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Alright, I've been pretty interested in natural language processing recently: however, I've used C until now for most of my work. I heard of NLTK, and I didn't know Python, but it seems quite easy to learn, and it's looking like a really powerful and interesting language. In particular, the NLTK module seems very, very adapted to what I need to do.

However, when using sample code for NLTK and pasting that into a file called test.py, I've noticed it takes a very, very long time to run !

I'm calling it from the shell like so:

time python ./test.py

And on a 2.4 GHz machine with 4 GBs of RAM, it takes 19.187 seconds !

Now, maybe this is absolutely normal, but I was under the impression that NTLK was extremely fast; I may have been mistaken, but is there anything obvious that I'm clearly doing wrong here?

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Where did you get the impression that NLTK is extremely fast? – Fred Foo Dec 27 '11 at 15:24
In the Amazon description for 'Python Text Processing with NLTK 2.0' : "Learn how to easily handle huge amounts of data without any loss in efficiency or speed." (amazon.com/Python-Text-Processing-NLTK-Cookbook/dp/1849513600). – elliottbolzan Dec 27 '11 at 16:17
up vote 16 down vote accepted

I believe you're conflating training time with processing time. Training a model, like a UnigramTagger, can take a lot of time. So can loading that trained model from a pickle file on disk. But once you have a model loaded into memory, processing can quite fast. See the section called "Classifier Efficiency" at the bottom of my post on part of speech tagging with NLTK to get an idea of processing speed for different tagging algorithms.

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Very interesting post and website in general, thank you very much for the help ! – elliottbolzan Dec 27 '11 at 2:10

@Jacob is right about conflating training and tagging time. I've simplified the sample code a little and here's the time breakdown:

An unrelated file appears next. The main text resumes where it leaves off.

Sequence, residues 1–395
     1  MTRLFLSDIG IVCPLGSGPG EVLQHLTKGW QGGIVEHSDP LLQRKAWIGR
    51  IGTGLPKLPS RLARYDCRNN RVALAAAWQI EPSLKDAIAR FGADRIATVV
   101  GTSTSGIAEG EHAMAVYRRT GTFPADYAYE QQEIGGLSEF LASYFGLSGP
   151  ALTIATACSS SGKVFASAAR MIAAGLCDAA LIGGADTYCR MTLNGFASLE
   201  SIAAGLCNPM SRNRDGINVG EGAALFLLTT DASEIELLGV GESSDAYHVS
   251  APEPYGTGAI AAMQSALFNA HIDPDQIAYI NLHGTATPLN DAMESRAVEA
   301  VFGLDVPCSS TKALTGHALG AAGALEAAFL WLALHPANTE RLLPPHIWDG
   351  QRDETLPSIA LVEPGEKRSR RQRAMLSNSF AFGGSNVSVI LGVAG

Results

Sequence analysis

Importing nltk takes 0.33 secs
Training time: 11.54 secs
Tagging time: 0.0 secs
Sorting time: 0.0 secs

Total time: 11.88 secs


CPU: Intel(R) Core(TM)2 Duo CPU E8400 @ 3.00GHz
Memory: 3.7GB


import pprint, time
startstart = time.clock()

start = time.clock()
import nltk
print "Importing nltk takes", str((time.clock()-start)),"secs"

start = time.clock()
tokenizer = nltk.tokenize.RegexpTokenizer(r'\w+|[^\w\s]+')
tagger = nltk.UnigramTagger(nltk.corpus.brown.tagged_sents())
print "Training time:",str((time.clock()-start)),"secs"

text = """Mr Blobby is a fictional character who featured on Noel
Edmonds' Saturday night entertainment show Noel's House Party,
which was often a ratings winner in the 1990s. Mr Blobby also
appeared on the Jamie Rose show of 1997. He was designed as an
outrageously over the top parody of a one-dimensional, mute novelty
character, which ironically made him distinctive, absurd and popular.
He was a large pink humanoid, covered with yellow spots, sporting a
permanent toothy grin and jiggling eyes. He communicated by saying
the word "blobby" in an electronically-altered voice, expressing
his moods through tone of voice and repetition.

There was a Mrs. Blobby, seen briefly in the video, and sold as a

However Mr Blobby actually started out as part of the 'Gotcha'
feature during the show's second series (originally called 'Gotcha
Oscars' until the threat of legal action from the Academy of Motion
Picture Arts and Sciences[citation needed]), in which celebrities
were caught out in a Candid Camera style prank. Celebrities such as
dancer Wayne Sleep and rugby union player Will Carling would be
enticed to take part in a fictitious children's programme based around
their profession. Mr Blobby would clumsily take part in the activity,
knocking over the set, causing mayhem and saying "blobby blobby
blobby", until finally when the prank was revealed, the Blobby
costume would be opened - revealing Noel inside. This was all the more
surprising for the "victim" as during rehearsals Blobby would be
played by an actor wearing only the arms and legs of the costume and
speaking in a normal manner.[citation needed]"""

start = time.clock()
tokenized = tokenizer.tokenize(text)
tagged = tagger.tag(tokenized)
print "Tagging time:",str((time.clock()-start)),"secs"

start = time.clock()
tagged.sort(lambda x,y:cmp(x[1],y[1]))
print "Sorting time:",str((time.clock()-start)),"secs"

#l = list(set(tagged))
print "Total time:",str((time.clock()-startstart)),"secs"
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